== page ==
skip to main content
OSTI.GOV title logo U.S. Department of Energy
Office of Scientific and Technical Information

Title: Recent Advances in Plasma Acceleration

Abstract

The costs and the time scales of colliders intended to reach the energy frontier are such that it is important to explore new methods of accelerating particles to high energies. Plasma-based accelerators are particularly attractive because they are capable of producing accelerating fields that are orders of magnitude larger than those used in conventional colliders. In these accelerators a drive beam, either laser or particle, produces a plasma wave (wakefield) that accelerates charged particles. The ultimate utility of plasma accelerators will depend on sustaining ultra-high accelerating fields over a substantial length to achieve a significant energy gain. More than 42 GeV energy gain was achieved in an 85 cm long plasma wakefield accelerator driven by a 42 GeV electron drive beam in the Final Focus Test Beam (FFTB) Facility at SLAC. Most of the beam electrons lose energy to the plasma wave, but some electrons in the back of the same beam pulse are accelerated with a field of {approx}52 GV/m. This effectively doubles their energy, producing the energy gain of the 3 km long SLAC accelerator in less than a meter for a small fraction of the electrons in the injected bunch. Prospects for a drive-witness bunch configuration andmore » high-gradient positron acceleration experiments planned for the SABER facility will be discussed.« less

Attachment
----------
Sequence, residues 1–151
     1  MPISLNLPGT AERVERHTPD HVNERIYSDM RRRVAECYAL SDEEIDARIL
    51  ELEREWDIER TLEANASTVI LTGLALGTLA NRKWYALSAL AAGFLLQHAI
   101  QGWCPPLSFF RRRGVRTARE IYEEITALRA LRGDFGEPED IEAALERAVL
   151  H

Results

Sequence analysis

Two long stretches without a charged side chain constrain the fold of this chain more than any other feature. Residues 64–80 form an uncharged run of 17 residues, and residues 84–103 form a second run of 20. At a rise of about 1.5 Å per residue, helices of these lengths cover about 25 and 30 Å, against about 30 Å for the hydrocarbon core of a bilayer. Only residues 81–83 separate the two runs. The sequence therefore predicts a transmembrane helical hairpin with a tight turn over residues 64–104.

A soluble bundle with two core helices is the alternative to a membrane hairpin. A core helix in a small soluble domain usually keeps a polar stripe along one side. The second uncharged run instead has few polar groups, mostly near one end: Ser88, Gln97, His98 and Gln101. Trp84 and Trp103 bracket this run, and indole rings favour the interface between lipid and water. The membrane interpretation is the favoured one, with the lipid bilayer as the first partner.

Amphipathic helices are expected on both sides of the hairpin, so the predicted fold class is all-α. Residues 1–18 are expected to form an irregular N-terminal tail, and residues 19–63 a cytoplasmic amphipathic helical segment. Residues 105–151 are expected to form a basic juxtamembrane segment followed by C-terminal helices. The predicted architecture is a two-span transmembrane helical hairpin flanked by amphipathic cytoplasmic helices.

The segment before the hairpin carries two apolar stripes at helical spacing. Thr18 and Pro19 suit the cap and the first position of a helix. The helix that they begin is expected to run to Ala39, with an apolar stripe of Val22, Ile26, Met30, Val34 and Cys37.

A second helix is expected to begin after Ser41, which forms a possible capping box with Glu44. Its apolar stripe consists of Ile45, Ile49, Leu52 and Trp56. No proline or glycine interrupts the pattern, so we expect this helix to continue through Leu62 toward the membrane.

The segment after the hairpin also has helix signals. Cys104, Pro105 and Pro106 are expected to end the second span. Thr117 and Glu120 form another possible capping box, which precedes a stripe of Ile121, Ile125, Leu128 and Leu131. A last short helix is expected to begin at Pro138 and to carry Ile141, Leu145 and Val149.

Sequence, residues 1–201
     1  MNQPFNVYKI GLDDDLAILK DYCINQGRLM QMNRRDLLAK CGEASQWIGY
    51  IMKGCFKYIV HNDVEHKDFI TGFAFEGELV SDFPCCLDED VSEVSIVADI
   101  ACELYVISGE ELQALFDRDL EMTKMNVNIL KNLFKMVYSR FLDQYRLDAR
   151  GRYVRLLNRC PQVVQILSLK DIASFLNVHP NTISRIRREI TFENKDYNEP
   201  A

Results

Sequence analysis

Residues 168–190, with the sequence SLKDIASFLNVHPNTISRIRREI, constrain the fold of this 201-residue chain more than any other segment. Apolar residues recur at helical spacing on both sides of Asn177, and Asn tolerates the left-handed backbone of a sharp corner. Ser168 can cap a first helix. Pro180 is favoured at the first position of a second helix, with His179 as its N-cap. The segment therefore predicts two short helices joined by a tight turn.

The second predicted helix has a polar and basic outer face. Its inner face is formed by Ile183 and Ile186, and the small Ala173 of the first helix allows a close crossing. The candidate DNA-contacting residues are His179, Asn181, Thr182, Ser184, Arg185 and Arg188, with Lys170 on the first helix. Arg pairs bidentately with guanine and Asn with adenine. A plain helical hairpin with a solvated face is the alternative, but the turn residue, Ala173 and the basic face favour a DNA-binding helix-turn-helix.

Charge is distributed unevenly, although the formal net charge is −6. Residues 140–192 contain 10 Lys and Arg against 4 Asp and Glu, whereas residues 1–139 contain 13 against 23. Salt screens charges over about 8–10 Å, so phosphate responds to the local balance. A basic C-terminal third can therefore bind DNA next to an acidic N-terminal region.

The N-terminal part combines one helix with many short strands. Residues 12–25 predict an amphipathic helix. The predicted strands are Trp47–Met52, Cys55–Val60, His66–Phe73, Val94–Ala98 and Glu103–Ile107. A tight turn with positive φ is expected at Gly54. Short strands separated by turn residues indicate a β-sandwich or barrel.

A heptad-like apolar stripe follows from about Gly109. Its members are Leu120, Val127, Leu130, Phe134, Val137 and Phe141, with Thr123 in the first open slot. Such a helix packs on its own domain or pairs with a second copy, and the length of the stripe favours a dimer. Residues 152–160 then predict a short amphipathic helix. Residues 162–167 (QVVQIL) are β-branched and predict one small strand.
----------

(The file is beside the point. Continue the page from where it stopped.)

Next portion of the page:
Authors:
Publication Date:
Research Org.:
SLAC (SLAC National Accelerator Laboratory (SLAC), Menlo Park, CA (United States))
Sponsoring Org.:
USDOE Office of Science (SC)
OSTI Identifier:
1014171
DOE Contract Number:
AC02-76SF00515
Resource Type:
Multimedia
Resource Relation:
Conference: SLAC Colloquium Series, SLAC National Accelerator Laboratory, Menlo Park, California, presented on March 19, 2007
Country of Publication:
United States
Language:
English
Subject:
43 PARTICLE ACCELERATORS; ACCELERATION; ACCELERATORS; CHARGED PARTICLES; CONFIGURATION; ELECTRONS; FERMILAB ACCELERATOR; LASERS; METERS; PLASMA; PLASMA ACCELERATION; PLASMA GUNS; PLASMA WAVES; POSITRONS; STANFORD LINEAR ACCELERATOR CENTER; WAKEFIELD ACCELERATORS

Citation Formats

Hogan, Mark. Recent Advances in Plasma Acceleration. United States: N. p., 2007. Web.
Hogan, Mark. Recent Advances in Plasma Acceleration. United States.
Hogan, Mark. Mon . "Recent Advances in Plasma Acceleration". United States. doi:. https://www.osti.gov/servlets/purl/1014171.
@article{osti_1014171,
title = {Recent Advances in Plasma Acceleration},
author = {Hogan, Mark},